In one preferred embodiment of the filter installation according to the present invention, the inert gas is nitrogen gas which can be taken from at least one storage bottle. Preferably, after completion of the actual filtration, the nitrogen can be flushed into the interior of the filter housing with the filter element. The inert gas nitrogen within the filter housing creates a dry, oxygen-free environment used to kill living organisms. This nitrogen gas can be very easily managed using devices. It is easily economically available worldwide as a refill gas, and effectively controls the danger of corrosion. Instead of nitrogen gas, the filter could optionally be flushed in a less desirable version with compressed air. Since compressed air is generally available aboard ship, its use however does not lead to an oxygen-free environment and thus it can be used only as an emergency measure. Preferably, the inert gas in the associatable storage bottle is provided with high pressure such that the filter housing can also be flushed empty if the filter housing is still filled with seawater of a definable pressure (ambient pressure).

In another preferred embodiment of the filter installation according to the present invention, in the filter housing copper is used as the special metal in the form of at least one sacrificial anode. Since copper occurs in the environment and is not environmentally harmful at a correspondingly high dilution by seawater, it is especially well suited for the indicated use, especially with respect to killing of the indicated living microorganisms. Due to the configuration as a sacrificial anode, the copper removal in this respect also counteracts the continually prevailing corrosion. In an especially space-saving manner, the sacrificial anode can be accommodated in the filter housing if it is part of the filter elements used. By integrating the copper sacrificial anode into the filter elements, the fluid flow behavior within the filter housing is not hindered. This arrangement benefits overall operation of the system in terms of energy.

In one especially preferred embodiment of the filter installation according to the present invention, the design ensures ordinary filtering operation and, at the same time, allows backflushing for some of the filter elements to be able to use the cleaned filter elements for new filtration operations. Preferably, the fluid outlet of the filter is provided with a triggerable check valve. In the fluid flow direction following in the fluid line, a non-return valve is used such that in the opened position the exterior is connected to the associatable fluid line. As a result of the fluid lines which are very long in ships and power plants, water hammers can be avoided with the check valve blocked by the ambient air being able to flow after into the fluid lines via the non-return valve. Air volumes which may form in this way in the fluid line can be used then in the opposite direction as a damping element if water hammers in operation of the system can be expected in the opposite direction.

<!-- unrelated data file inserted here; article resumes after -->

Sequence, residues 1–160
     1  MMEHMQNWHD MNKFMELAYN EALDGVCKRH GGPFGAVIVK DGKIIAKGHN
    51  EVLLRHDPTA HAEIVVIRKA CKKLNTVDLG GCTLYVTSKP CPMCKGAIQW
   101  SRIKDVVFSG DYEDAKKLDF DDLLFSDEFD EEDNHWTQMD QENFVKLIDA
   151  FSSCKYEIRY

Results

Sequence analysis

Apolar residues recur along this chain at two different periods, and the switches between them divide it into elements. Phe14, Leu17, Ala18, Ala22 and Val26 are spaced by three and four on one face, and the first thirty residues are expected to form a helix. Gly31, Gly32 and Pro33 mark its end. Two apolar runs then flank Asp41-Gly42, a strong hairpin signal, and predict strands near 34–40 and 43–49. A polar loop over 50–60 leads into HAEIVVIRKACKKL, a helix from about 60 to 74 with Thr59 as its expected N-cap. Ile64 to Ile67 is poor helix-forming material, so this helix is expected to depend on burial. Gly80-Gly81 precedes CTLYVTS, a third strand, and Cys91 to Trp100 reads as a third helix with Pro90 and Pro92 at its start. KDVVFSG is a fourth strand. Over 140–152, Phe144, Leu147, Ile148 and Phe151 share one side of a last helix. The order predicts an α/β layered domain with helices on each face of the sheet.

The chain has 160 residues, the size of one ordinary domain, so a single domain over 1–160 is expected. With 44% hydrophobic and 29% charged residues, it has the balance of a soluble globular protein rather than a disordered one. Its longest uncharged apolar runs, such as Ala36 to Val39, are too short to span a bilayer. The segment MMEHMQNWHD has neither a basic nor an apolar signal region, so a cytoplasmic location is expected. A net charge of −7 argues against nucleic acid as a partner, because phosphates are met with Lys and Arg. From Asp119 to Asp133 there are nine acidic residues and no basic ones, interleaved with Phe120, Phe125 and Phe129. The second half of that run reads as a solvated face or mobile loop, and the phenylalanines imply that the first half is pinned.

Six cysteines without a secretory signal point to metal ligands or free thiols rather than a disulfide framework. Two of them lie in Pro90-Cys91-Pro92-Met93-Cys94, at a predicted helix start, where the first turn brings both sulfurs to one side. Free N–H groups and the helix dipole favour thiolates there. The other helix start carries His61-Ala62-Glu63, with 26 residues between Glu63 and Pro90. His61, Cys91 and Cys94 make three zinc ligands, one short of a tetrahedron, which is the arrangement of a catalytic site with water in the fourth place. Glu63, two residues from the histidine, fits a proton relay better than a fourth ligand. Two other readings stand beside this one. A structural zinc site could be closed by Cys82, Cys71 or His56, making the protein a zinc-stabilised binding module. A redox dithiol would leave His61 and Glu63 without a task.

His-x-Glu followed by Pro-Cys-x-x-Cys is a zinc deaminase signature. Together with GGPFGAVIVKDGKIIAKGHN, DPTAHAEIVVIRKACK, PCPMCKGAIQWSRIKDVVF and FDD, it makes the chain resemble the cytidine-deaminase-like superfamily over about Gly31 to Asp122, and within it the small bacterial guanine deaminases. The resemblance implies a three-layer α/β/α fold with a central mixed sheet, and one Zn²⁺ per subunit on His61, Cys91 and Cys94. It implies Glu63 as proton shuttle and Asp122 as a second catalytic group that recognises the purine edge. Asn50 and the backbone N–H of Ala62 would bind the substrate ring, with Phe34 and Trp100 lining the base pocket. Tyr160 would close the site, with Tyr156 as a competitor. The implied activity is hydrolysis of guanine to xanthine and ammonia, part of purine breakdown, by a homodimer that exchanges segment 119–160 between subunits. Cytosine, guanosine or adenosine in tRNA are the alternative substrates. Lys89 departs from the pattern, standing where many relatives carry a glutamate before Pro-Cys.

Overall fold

In the method according to the present invention for operation of this filter installation, coarse contaminants are filtered out of biologically contaminated fluid supplied via a fluid line by the filter element in the filter housing of a filter with agents for biological decontamination of the fluid releasing active substances such as inert gases and/or metal. The filter installation according to the present invention can be operated as a seawater filter installation. It can also be used for water filtration in industrial facilities, such as power plants. Furthermore, applications are possible particularly when problems arise within fluids with bacterial and/or organic impurities.

Other objects, advantages and salient features of the present invention will become apparent from the following detailed description, which, taken in conjunction with the annexed drawings, discloses a preferred embodiment of the present invention.